The out-and-back trail on Chessey provides access to beautiful and remote Browns Pond through densely wooded mixed forest.

Please see below for the trail map and more information about the preserve and trails.

 Quick Facts

  • Activities: hiking, running,  snowshoeing, cross-country skiing, fishing
  • Length: 1 mile round-trip
  • Difficulty: Easy
  • Leave No Trace: Please take out whatever you bring in.
  • No Hunting

     Trail Map (click to expand)

Directions to Trailhead

About the Chessey Preserve Trails

The property is wild and relatively pristine woodland area. The trail is easily accessible from Hancock Pond Road and is a short half-mile to the undeveloped shore of Browns Pond. Parts are rocky and—depending on the time of year—muddy. The forest is a mix of hemlocks, pine and birch, and as the trail opens up on the shore, clear views of all sections of the pond including the marshy north end. Please note: snowmobiles and motorized vehicles are NOT allowed on this property.

Chessey Preserve is an easement property with public access.

Pringle Wildlife Preserve – Windham, 17 acres

Pringle Wildlife Preserve consists of marshy wetlands that surround Otter Brook, which flows through the length of the property. There are no trails, but there is an Observation Platform, which is a great vantage point for viewing birds and a variety of other wildlife.

Please see below for map and more information about the preserve and its wildlife.

     Quick Facts

  • Activities: wildlife viewing
  • Length: no trails, but access to the wetalnds
  • Difficulty: easy
  • Leave No Trace: Please take out whatever you bring in.
  • No Hunting

Preserve Map (click to expand)

Directions to Trailhead

About the Pringle Wildlife Preserve

Access to the Preserve is off of Windham Center Road. The parking area is on the south side of the Windham Center Road just east of its intersection with River Road.

The Pringle Wildlife Preserve is a very good spot for bird watching. The viewing platform, which was built by an Eagle Scout and his troop, is perfect for viewing a great variety of birds or stargazing after dark.

In the early spring, there are ducks and great blue heron that take advantage of the waterlogged sections. The open field is a perfect spot for hawks to prey on the small field mammals. Later in the spring, tree swallows flitter over the property, feasting on the insects that are attracted to the various wildflowers that spread throughout the field. In the back end of the property, towards Sterling Drive, there is a wall of shrubs and young pines that have sprouted up creating a shady shelter for deer and other animals (as evidenced by the existing trails that lead into them). Walking down by the brook where it passes underneath Windham Center Road it is possible to see otters for which the brook is named. On top of the hill, what look to be two fox dens have been spotted!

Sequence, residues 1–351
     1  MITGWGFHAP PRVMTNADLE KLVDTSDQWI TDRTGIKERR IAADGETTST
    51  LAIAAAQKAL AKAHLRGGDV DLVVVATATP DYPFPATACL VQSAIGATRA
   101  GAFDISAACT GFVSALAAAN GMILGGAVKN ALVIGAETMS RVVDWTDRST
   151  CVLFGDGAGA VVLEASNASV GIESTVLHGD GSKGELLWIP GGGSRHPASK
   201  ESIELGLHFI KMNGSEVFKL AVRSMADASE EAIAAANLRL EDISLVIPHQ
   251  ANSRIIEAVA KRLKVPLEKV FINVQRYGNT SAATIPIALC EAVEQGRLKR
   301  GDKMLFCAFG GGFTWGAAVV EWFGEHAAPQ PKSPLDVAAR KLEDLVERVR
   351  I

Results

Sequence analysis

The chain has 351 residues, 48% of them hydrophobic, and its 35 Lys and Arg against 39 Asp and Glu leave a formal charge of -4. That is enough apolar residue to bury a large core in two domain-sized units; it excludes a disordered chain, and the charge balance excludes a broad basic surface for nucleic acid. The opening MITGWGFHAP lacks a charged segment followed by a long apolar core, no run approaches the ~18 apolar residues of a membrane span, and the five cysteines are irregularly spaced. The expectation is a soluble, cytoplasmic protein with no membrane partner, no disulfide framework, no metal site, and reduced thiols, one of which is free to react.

Jim and Jane Pringle of Windham, who used the property as farmland for their cattle for about 20 years, generously donated it to the Windham Land Trust in 2006. Before that it belonged to George Lowell who used it as a dairy farm for roughly 50 years.

Pringle Wildlife Preserve is owned in fee by the Presumpscot Regional Land Trust.

Cummings Preserve – Gorham, 5 acres

The recently renovated trails at the Cummings Preserve run along the Presumpscot River just south of the Dundee Dam in north Gorham. This a popular spot for fishing and swimming.

Please see below for the trail map and more information about the preserve and trails.

     Quick Facts

  • Activities: hiking, running,  snowshoeing, cross-country skiing
  • Length: 1 mile round-trip
  • Difficulty: Easy
  • Leave No Trace: Please take out whatever you bring in.
  • No Hunting

     Trail Map (click to expand)

Directions to Trailhead

About the Cummings Preserve Trails

Parking for the trail is at the Dundee Dam, and the trail begins with Sappi’s canoe portage trail a short ways back up the road from the parking (look for the brown and white hiker sign). The trail is a lollipop loop with one section on the remains of the historic Oxford-Cumberland Towpath and the other along the Presumpscot River.

Cummings Preserve is a public access conservation easement of the Presumpscot Regional Land Trust.